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Source: Megan Young,
Photos available. Contact or 785-532-6415.
Note to editor: K-State ChemE-Car team member Ben Clubine is a 2006 graduate of Iola High School.

Thursday, April 16, 2009


MANHATTAN -- A chemical engineering design team from Kansas State University has advanced to the American Institute of Chemical Engineers' National ChemE-Car Competition by earning several honors at a recent regional competition.

The K-State ChemE-Car Team and their car, the Kansas State Beaver, earned first place in performance at the American Institute of Chemical Engineers' Mid-America Regional ChemE-Car Competition, April 3-5, at the University of Missouri at Columbia.

A second K-State entry, the Kansas State Chameleon, received second place in the presentation competition and earned a Process of Safety Award.

The team's faculty adviser is Walter Walawender, professor of chemical engineering.

For the ChemE-Car competition, student teams build a small car powered by a chemical reaction that can be stopped by limiting the reaction or by a separate stopping reaction. At competitions, teams are given distances the cars must travel and a weight to be added to the cars. The teams must calibrate the amount of chemical needed to get the car to travel the specified distance.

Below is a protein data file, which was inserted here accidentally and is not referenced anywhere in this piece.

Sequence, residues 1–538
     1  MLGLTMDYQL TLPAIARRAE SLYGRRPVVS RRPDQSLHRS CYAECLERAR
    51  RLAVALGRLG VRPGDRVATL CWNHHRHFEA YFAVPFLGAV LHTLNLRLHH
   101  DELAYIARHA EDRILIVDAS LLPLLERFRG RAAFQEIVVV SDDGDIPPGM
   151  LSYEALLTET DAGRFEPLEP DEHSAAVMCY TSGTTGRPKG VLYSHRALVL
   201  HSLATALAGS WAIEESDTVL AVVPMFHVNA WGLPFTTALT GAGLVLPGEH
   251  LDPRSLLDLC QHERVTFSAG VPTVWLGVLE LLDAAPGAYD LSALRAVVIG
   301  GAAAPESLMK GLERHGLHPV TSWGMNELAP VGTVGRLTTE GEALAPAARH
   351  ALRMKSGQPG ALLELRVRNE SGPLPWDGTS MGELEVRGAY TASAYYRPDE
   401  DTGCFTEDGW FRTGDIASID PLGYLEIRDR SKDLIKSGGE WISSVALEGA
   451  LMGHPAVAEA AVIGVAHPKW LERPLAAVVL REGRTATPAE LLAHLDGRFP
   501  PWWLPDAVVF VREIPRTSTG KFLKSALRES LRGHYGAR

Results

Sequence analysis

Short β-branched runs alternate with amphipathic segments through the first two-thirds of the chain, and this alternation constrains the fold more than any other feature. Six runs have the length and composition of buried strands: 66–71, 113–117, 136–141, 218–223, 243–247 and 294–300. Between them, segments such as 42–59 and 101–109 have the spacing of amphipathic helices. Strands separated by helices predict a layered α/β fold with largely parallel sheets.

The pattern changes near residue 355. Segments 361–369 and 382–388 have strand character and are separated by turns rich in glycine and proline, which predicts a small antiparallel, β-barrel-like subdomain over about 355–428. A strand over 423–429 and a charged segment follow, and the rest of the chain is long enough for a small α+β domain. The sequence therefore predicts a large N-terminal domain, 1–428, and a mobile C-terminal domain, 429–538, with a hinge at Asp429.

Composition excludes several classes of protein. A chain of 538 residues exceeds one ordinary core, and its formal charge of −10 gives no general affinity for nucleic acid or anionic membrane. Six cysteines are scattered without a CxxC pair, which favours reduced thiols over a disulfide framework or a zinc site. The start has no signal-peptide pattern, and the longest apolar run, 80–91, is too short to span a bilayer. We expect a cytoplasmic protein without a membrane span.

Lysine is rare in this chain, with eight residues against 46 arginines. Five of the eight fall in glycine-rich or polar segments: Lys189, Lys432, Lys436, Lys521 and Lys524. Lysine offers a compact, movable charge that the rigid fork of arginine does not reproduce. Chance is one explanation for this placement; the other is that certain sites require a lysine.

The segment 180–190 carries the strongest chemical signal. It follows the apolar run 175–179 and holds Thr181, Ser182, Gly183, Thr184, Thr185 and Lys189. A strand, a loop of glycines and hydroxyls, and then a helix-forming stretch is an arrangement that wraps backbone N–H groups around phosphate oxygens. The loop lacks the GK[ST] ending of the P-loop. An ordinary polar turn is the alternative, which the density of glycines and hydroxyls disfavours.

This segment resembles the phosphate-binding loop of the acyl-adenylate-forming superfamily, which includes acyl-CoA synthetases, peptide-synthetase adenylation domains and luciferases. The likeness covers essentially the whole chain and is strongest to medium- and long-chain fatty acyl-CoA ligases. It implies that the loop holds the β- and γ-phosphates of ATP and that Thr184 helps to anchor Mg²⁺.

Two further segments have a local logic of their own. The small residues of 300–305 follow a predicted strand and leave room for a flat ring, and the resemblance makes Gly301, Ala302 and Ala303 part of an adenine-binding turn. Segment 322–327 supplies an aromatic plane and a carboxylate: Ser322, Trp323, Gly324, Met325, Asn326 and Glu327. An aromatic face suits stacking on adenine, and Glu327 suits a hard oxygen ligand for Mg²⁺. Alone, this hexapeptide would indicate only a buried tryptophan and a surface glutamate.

At the Mid-America Regional, the cars had to go 65 feet. The Kansas State Beaver came within three-and-one-half feet of that distance, which earned the team first place in accuracy.

"The Kansas State Beaver is classified as a pressure car," said Megan Young, senior in chemical engineering, Cummings, and co-captain of the K-State ChemE-Car Team. "A reaction of sodium carbonate and hydrochloric acid are mixed to produce about 70 pounds per square inch of carbon dioxide that is used to extend a piston connected to a pulley system that turns the car's front wheels."

The Kansas State Chameleon is a battery car and a reaction of vanadium sulfate in different oxidation states is used to power the car, Young said. "A secondary reaction similar to a glow stick is used to stop the car, which works by using a sensor to trigger the circuit board to shut off power to the motor at a certain light intensity," she said.

The National ChemE-Car Competition will be at the national conference of the American Institute of Chemical Engineers, Nov. 18-13, in Nashville, Tenn.

Along with Young, members of the K-State ChemE-Car Team, all chemical engineering majors, include:

Mark McClure, junior, Assaria; Jordon Groskurth, junior, Derby, and team co-captain; Ben Clubine, junior, Manhattan; Katerina Voigt, junior, McPherson; Andrew Doll, junior, Norwich; and Neal Walters, junior, Overland Park.